With ongoing economic development in Ethiopia, people acquiring more resources, I would expect more people to migrate
“With ongoing economic development in Ethiopia, people acquiring more resources, I would expect more people to migrate,” said Frouws, of the Regional Mixed Migration Secretariat. They will have “more aspirations” to migrate and “more resources to pay for it,” he said. “It will take a long time before their labor market can accommodate such a large population.”
Current migration trends suggest that the bulk of new migrants from the Horn of Africa will seek their fortunes elsewhere on the continent. Most African migration is and always has been intracontinental. Many people will undoubtedly take the Southern Route. But unless avenues for legal migration are expanded, they will be condemned to use the same dangerous smuggling routes that failed Mishamo and his brother Abraham. Many will end up in detention for long periods. Some will die.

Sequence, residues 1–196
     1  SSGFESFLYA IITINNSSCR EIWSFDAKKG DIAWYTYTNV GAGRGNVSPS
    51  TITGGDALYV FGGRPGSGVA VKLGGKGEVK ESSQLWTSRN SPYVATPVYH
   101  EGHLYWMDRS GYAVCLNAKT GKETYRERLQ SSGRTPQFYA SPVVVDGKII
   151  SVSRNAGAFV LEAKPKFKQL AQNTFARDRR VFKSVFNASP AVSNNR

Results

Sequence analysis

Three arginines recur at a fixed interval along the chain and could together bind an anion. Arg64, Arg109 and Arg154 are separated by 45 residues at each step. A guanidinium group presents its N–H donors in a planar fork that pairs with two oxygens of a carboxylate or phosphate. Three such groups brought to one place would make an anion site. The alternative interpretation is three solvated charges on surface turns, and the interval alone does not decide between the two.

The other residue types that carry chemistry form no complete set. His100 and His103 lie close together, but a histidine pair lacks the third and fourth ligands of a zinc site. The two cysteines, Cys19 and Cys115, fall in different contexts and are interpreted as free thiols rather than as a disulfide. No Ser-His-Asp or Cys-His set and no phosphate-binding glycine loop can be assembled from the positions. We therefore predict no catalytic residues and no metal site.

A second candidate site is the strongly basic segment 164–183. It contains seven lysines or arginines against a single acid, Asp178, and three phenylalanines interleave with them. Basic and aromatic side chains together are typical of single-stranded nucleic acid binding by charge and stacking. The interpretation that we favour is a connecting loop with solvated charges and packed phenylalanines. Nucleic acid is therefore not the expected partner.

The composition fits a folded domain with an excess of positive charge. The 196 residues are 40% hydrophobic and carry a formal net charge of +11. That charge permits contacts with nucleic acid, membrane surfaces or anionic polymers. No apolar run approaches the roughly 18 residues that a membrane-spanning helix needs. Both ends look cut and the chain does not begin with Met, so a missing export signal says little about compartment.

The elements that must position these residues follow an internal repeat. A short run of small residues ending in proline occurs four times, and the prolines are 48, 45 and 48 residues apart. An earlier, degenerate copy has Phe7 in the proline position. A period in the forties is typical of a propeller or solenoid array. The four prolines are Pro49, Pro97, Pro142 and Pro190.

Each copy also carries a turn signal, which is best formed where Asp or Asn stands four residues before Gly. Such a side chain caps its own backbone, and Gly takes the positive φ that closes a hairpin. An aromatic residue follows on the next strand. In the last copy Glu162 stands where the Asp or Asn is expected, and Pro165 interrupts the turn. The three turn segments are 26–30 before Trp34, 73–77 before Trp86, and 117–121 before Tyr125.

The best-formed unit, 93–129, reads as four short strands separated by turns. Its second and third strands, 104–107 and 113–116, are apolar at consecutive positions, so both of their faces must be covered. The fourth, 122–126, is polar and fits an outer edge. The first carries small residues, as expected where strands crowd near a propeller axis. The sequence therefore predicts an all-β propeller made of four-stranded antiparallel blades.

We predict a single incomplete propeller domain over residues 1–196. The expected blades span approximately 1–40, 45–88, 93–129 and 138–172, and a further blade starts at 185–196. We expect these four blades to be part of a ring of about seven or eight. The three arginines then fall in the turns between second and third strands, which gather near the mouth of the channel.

“You should see how these migrants are packed into the trucks. It’s a wonder any of them survive,” said Charles Mwenge, the chief of police in Marsabit, who arrested Mishamo in February.
Efforts to dissuade would-be migrants with public information campaigns seem equally unlikely to succeed. In Hosaena, Abraham told me he had seen a government broadcast warning about the dangers posed by smugglers and that he was aware of the threat of xenophobic violence in South Africa. He said the potential upside of better economic opportunities outweighed the risks. Virtually everyone I spoke to in Hosaena said the same thing.
“When you have dreamed your whole life of going to South Africa, what does it mean that you might be arrested or even that you might die?” Abraham asked. “It means nothing until you have been there.”